SWB on coping strategies

Newsflash- apparently, we’re all drinking too much over lockdown. I’m sorry, but this is the BBC actually calling this is NEWS? The real news would be if we were managing not to drink our way through this global cluster-fuck.

As I may have shared with you, I tried to give up drink this Lent, thinking that perhaps with some divine intervention I could abstain. Four days I lasted. Four days. I don’t know why I even attempted it to be honest- it was just Dry January all over again, which turned out to be well doused. Now is not the time for denial, when so much is off limits. But what I do subscribe to now, is careful policing of self and trying to be a bit more creative than just having a drink to dull the monotony/pulverised nerves/feeling of terminal gloom.

At least I’m not alone. Yesterday I had to use all my Tetris skills trying to squeeze three wine bottles into the bins at Tesco. Obviously, in the absence of the recycling centres being open, people are availing of whatever options are available, but I can conclude that Easter was celebrated in style in the Rosetta area of Belfast.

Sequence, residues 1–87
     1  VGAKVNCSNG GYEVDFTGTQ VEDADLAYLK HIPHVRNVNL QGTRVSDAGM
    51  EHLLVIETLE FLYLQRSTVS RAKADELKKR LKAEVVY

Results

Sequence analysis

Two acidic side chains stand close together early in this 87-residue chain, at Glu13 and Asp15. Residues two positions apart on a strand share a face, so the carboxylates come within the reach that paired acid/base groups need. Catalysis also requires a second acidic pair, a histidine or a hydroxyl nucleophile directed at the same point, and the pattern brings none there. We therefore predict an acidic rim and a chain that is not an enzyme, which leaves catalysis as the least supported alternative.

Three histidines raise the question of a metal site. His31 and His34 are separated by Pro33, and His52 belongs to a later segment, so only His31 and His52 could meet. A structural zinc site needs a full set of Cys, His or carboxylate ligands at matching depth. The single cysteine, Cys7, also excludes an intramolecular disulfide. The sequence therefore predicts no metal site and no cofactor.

Like many others, this feeling of  wanting to drinking myself into a coma usually occurs at ‘witching hour’, around six o’clock.  Typically, I am trying to make the dinner, and children have buggered off up the stairs leaving me with three pots on the go; batting away opportunist pets who are trying to leap up on the counter for a piece of chicken; and a table full of all the shite of the day which needs cleared before we eat. Oblivious, or perhaps in a deliberate attempt to avoid helping, the girls are playing Minecraft instead of doing something edifying like reading. My reflex action is just to reach into the fridge or ferret about in the cupboards if I’ve nothing chilled. In cases like this though, I shouldn’t take it out on my liver. The sensible option is to shout for the wee feckers to come down and help,  The answer, I tell myself, is not in the bottom of a glass of sauvignon blanc, it is in creating a harmonious space to inhabit, instead of letting my rage grow and harden into a hernia.

Of course, if you absolutely can’t resist, and a bottle of Marlborough is shouting in your ear VERY loudly that it needs cracked upon and drunk, then have a glass, just stop early. Starting to hammer it into you at six and then sipping away until ten is a disaster, and yet, so easily done. I might have a glass while I cook, then one with dinner. I then say to myself, ‘FFS it’s a weeknight,’ and switch to tonic with a good squeeze of lime, which is fragrant and zesty and quenches your thirst. I know, I didn’t think it would satisfy me in the least, but it seems to.